# Functional Programming

While it may seem odd (or just annoying) to talk about the functional features before the object oriented ones, I think they are simpler to show before rather than after.

# Functions are first-class

Functions in Python can be referred to by name. They are run only when you call them with parenthesis:

```def add(x,y): return x + y

def subtract(x,y): return x - y

def do_binary_op(op, x, y):
return op(x, y)

z = do_binary_op(add, 5, 10) # z = 15
```

# Closures

```def make_rotater(seq):
def rotate():
val = seq.pop(0)
seq.append(val)
return val
return rotate

r = make_rotater([1,2,3])
assert [r(), r(), r(), r(), r()] == [1,2,3,1,2]
```

You can safely refer to objects from the scope a function was declared in, even after that scope ends.

Closure Limitation/Gotcha

An annoying implementation detail of Pythons closures is that only objects are properly closed over. Non-reference types (strings and numbers) only exist for the duration of the scope they were declared in.

# Decorators

Python has a special syntax that allows you to wrap or "decorate" functions (and classes) at compile time:

```def off_by_one(original_function):
def new_function(x, y):
return original_function(x, y) + 1
return new_function

@off_by_one
def add(x, y):
return x + y
```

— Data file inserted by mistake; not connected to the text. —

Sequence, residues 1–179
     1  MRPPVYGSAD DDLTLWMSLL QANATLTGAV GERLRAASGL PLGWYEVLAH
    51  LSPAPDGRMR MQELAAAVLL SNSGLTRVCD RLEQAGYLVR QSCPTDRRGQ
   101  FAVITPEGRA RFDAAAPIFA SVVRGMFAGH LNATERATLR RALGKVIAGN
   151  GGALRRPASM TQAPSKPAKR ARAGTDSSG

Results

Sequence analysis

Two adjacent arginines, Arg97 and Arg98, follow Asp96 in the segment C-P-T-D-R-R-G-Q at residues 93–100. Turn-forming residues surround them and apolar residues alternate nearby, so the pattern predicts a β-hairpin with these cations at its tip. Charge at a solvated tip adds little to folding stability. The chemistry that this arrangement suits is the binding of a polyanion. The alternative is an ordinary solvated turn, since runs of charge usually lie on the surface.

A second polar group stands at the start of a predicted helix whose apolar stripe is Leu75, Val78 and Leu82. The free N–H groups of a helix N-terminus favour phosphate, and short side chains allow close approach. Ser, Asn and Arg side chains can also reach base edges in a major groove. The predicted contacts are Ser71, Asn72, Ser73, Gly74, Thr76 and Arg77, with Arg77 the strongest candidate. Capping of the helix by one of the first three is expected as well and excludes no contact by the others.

# Decorators: What just happened?

The off_by_one function takes a function as it's sole argument and returns a new function.

We decorated the add function with off_by_one by placing @off_by_one above the function definition. This is equivalent to writing the following after the definition:

```add = off_by_one(add)
```

http://docs.python.org/glossary.html#term-decorator

# Lambda (anonymous) functions

Short functions can be declared inline using the lambda syntax:

```is_odd = lambda x: x % 2
```

These are useful when used with functions that take a function as a parameter, like sorted:

```numbers = [55, 22, 53, 16, 67, 363612, 64361, 12556]
# Sort the numbers by their least significant byte
lsB_ordered = sorted(numbers, key=lambda x: x & 0xFF)
```

http://docs.python.org/library/functions.html#sorted

# Generator Functions

Generator functions maintain state between calls. By using yield instead of return, the function will pick up on the next line the next time you call it.

```def get_all_records(lookup, keys):
for key in keys:
yield datasource.get(key)

for record in get_all_records(lookup, keys):
print record
```